Ex-BSI banker trial: Yeo Jiawei 'made up to US$15m from Al-Husseiny deals'

Former BSI banker Yeo Jiawei was under cross examination by the prosecution on day 11 of his trial on Thursday (Nov 17).
Former BSI banker Yeo Jiawei was under cross examination by the prosecution on day 11 of his trial on Thursday (Nov 17). PHOTO: ST FILE

SINGAPORE - Former BSI banker Yeo Jiawei claimed he received up to US$15 million from deals with Mohamed Ahmed Badawy Al-Husseiny - among key figures being probed in an alleged money laundering operation linked to scandal-hit 1Malaysia Development Bhd (1MDB) - compared with just a few thousand dollars from servicing Malaysian tycoon Jho Low and his associate Tan Kim Loong.

Under cross examination by the prosecution on day 11 of his trial, Yeo on Thursday (Nov 17) continued to downplay his ties with Low, who is also under investigation here and elsewhere over money-laundering claims linked to 1MDB, by claiming that he earned a mere US$5,000 from setting up bank accounts and trusts and managing companies for Mr Low and Mr Tan.

That compared with up to US$15 million from "introducing" sovereign wealth funds Aabar, 1MDB and SRC International to financial services firm Amicorp, and from business brought by Mohamed Ahmed Badawy Al-Husseiny, a former high-level official of Abu Dhabi state fund International Petroleum Investment Co (IPIC), he said.

Yeo, who faces four counts of obstructing justice, claimed to not know or remember the identity of Chuan Teik Ying, Low's girlfriend, who was also a passenger on Yeo's first trip on a private jet with Low, when questioned by Deputy Public Prosecutor Tan Kiat Pheng.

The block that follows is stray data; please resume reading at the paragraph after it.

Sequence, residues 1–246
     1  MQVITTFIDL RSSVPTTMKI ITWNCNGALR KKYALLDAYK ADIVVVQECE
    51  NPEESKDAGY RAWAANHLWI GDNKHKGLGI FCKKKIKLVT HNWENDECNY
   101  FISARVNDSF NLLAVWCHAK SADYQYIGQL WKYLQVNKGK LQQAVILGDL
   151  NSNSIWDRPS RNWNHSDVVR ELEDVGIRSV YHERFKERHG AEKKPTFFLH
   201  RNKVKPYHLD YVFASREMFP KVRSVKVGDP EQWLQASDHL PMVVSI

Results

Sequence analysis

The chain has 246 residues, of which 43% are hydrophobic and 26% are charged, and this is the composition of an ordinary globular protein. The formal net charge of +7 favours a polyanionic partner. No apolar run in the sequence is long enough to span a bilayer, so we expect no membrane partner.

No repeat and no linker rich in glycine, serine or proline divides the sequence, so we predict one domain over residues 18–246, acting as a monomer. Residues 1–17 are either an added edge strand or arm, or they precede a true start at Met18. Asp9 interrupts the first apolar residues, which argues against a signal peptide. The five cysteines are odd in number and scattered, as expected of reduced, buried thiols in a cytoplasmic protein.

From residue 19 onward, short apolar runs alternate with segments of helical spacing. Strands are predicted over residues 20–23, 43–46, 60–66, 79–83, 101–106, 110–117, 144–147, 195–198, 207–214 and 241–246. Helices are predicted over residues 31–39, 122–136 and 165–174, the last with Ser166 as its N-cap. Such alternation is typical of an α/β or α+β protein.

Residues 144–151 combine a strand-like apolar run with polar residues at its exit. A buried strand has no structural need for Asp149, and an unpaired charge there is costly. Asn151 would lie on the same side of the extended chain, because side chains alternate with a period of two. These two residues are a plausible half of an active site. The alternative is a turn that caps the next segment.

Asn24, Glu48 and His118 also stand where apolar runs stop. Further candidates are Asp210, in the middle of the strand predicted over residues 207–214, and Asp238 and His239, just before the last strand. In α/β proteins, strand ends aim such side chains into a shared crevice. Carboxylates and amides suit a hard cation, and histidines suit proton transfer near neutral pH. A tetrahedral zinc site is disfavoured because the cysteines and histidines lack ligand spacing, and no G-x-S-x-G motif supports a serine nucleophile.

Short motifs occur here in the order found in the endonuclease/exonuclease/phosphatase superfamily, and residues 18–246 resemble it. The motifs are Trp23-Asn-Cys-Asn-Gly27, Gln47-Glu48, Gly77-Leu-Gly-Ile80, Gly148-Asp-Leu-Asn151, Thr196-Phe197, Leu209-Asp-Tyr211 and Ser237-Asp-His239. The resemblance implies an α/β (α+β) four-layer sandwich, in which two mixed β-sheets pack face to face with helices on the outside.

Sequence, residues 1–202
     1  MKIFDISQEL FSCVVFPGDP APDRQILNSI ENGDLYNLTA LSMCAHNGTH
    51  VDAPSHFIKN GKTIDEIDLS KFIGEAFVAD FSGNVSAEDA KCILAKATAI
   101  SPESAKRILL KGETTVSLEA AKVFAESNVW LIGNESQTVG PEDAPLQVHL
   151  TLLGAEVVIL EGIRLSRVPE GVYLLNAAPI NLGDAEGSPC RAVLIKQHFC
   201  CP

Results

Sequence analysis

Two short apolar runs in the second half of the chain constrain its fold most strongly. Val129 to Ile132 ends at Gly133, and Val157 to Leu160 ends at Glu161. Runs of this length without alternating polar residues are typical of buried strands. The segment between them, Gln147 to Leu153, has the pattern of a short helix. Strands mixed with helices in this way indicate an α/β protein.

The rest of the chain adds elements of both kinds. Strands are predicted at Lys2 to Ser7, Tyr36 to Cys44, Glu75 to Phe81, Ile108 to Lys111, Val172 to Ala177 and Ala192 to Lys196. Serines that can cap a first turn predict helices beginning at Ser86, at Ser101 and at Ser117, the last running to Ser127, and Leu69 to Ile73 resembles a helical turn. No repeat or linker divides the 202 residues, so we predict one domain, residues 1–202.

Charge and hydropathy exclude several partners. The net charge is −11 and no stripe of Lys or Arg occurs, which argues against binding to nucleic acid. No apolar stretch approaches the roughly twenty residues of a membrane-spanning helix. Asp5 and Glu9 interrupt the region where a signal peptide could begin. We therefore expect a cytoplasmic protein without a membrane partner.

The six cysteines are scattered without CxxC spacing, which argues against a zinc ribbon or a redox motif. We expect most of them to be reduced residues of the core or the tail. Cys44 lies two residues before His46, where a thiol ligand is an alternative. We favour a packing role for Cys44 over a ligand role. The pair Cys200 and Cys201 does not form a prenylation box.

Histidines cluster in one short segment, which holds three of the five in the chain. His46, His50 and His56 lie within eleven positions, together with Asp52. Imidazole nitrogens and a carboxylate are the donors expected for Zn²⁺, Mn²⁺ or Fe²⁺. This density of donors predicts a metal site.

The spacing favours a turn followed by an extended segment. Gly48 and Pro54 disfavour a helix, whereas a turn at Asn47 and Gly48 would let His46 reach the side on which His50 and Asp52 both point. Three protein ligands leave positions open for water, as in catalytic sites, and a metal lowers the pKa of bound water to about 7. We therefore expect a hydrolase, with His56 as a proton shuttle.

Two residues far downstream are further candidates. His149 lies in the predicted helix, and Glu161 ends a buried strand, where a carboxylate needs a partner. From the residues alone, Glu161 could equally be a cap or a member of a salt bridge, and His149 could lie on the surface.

"I put it to you that you lied about this lady to downplay your relationship with Low," DPP Tan said.

 

Yeo's relationship with Low, Tan and Al Husseiny came under further scrutiny by prosecutors. While Yeo claimed he couldn't remember flying Low's private jet to Shanghai from Hong Kong, he later said he was there because he was being introduced to a "high-ranking executive from Mubadala, a government linked company in Abu Dhabi" by Low and former BSI private banker Yak Yew Chee.

When asked if Al Husseiny has a private jet and whether Yeo had flown on this too, Yeo denied having done so to the court on Thursday morning. But Yeo, in a Whatsapp exchange with Amicorp relationship manager Jose Renato Carvalho Pinto on Dec 4, 2014, produced by prosecution, had told Mr Carvalho that "One day, I should bring you to sit in his plane."

"Why say that to Jose? That implies you are inviting him," DPP Tan said.

"That's the prosecutor's assumption," Yeo replied.

"It's either you took private jet so often that you ...can bring Jose to sit in your client's jet, or you're lying," DPP Tan countered.

"It's neither. We are just chatting, joking. One day if you have a better relationship with Mr Husseiny, you can sit in his private jet and do business with him too. That's what I meant," Yeo said.

Yeo again denied being close to Low, saying that Yak had to be present whenever Yeo met with Low. He also denied the prosecution's allegation that Mr Tan was an important client for him because Mr Tan was a close confidant and business associate of Low.

Yeo's trial, already extended from Nov 11, was due to end on Thursday. Seven other charges concerning cheating, money laundering and forgery are set for trial next year.